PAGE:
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    Evaluation of the Indianapolis Mobile Crisis Assistance Team
    (2018) Bailey, Katie; Ray, Brad; Grommon, Eric; Lowder, Evan; Rising Paquet, Staci
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    Study protocol and stakeholder perceptions of a randomized controlled trial of a co-response police-mental health team
    (Springer, 2023) Bailey, Katie; Hofer, Meret; Sightes, Emily; Lowder, Evan Marie; Grommon, Eric; Ray, Bradley
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    Trade scenarios compensating for halted wheat and maize exports from Russia and Ukraine increase carbon emissions without easing food insecurity
    (Springer, 2022-10) Carriquiry, Miguel; Dumortier, Jerome; Elobeid, Amani; School of Public and Environmental Affairs
    The Russian invasion of Ukraine has destabilized global agricultural markets, triggering food price increases. We present scenarios of reduced exports and production affecting both countries that increase maize and wheat prices by up to 4.6% and 7.2%, respectively. Production expansion in other regions can partially compensate for export declines but may increase carbon emissions and will exacerbate ongoing global food security challenges.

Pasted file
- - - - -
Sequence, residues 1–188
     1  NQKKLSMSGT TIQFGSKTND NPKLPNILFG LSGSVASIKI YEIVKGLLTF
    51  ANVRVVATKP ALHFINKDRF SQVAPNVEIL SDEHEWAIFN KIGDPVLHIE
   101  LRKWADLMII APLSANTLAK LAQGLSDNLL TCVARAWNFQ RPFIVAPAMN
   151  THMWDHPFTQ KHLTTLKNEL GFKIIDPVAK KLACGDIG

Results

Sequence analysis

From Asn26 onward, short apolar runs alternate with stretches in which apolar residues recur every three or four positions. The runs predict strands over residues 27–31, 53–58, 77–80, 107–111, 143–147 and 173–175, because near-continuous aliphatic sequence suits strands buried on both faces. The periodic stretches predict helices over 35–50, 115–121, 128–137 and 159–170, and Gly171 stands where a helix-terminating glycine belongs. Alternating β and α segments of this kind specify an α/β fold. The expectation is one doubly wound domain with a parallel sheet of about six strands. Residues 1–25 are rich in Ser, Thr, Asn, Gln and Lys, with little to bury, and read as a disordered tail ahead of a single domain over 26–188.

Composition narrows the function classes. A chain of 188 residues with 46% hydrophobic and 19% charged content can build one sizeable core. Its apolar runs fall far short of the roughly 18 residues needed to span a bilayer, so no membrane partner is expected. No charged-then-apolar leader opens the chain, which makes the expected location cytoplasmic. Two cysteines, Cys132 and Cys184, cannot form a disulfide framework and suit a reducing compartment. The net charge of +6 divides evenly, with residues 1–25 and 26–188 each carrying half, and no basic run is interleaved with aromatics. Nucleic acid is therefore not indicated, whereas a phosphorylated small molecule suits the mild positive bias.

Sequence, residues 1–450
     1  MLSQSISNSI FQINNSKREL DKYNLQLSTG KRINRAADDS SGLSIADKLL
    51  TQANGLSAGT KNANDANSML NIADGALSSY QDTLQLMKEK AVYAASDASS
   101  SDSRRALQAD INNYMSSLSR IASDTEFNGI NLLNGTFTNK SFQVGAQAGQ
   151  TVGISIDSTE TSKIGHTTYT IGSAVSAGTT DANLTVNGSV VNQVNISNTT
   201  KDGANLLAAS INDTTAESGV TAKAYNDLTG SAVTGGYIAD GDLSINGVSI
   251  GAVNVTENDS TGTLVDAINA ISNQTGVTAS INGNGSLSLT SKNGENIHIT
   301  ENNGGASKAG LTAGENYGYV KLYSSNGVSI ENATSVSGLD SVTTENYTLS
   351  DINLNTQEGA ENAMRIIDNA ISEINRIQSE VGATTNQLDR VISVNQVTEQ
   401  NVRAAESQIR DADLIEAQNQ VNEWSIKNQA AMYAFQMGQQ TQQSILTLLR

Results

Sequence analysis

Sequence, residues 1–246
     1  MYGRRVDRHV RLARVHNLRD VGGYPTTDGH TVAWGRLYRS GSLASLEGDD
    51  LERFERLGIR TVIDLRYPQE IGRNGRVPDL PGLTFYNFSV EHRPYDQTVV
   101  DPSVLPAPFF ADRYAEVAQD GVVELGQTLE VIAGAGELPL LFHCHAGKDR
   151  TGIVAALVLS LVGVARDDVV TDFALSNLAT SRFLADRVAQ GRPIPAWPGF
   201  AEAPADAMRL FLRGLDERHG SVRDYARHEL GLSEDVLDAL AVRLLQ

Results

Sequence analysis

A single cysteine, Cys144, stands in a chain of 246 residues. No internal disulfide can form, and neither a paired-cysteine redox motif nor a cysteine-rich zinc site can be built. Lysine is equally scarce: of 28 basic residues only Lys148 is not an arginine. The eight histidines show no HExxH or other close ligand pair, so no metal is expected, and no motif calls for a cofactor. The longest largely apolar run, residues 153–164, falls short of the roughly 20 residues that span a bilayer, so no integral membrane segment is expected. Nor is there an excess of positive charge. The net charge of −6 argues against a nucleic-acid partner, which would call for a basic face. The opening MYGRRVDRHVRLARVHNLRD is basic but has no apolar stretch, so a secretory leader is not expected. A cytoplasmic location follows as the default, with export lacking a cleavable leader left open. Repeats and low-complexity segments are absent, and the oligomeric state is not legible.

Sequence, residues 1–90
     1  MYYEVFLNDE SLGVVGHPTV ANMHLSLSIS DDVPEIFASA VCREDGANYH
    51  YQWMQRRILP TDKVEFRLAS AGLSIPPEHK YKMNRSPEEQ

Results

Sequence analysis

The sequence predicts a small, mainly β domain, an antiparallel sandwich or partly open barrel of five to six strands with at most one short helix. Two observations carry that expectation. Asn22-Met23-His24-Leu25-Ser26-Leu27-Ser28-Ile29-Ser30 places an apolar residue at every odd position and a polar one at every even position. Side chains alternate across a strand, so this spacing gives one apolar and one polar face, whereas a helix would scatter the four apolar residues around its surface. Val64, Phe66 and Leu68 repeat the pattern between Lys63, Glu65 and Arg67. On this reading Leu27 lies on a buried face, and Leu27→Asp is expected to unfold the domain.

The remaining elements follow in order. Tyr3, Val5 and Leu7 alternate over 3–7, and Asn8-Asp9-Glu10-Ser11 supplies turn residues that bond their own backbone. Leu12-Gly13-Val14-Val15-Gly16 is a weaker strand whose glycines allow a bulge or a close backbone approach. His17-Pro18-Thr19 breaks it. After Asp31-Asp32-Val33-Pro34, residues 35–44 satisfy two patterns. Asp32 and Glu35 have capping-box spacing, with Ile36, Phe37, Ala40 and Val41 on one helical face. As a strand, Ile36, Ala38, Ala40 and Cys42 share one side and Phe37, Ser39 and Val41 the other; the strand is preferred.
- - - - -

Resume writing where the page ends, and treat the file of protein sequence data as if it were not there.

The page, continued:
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    State Fiscal Reserves and the Great Recession
    (Taylor & Francis, 2022-03-16) Buerger, Christian; Reitano, Vincent; School of Public and Environmental Affairs
    Governments around the world accumulate fiscal reserves to prepare for exogenous shocks such as recessions. Using data from 2004 to 2016 for state governments in the United States, we estimate empirical models controlling for time-variant and -invariant state characteristics. Our results show that savings increase at the expense of spending in specific categories and that fiscal reserves also support only certain expenditure functions. Further, we find that the relationship between savings and spending differs over the business cycle as fiscal reserves increase during times of economic prosperity and decrease during economic declines.
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    Distributions of Flood Risk: The Implications of Alternative Measures of Flood Risk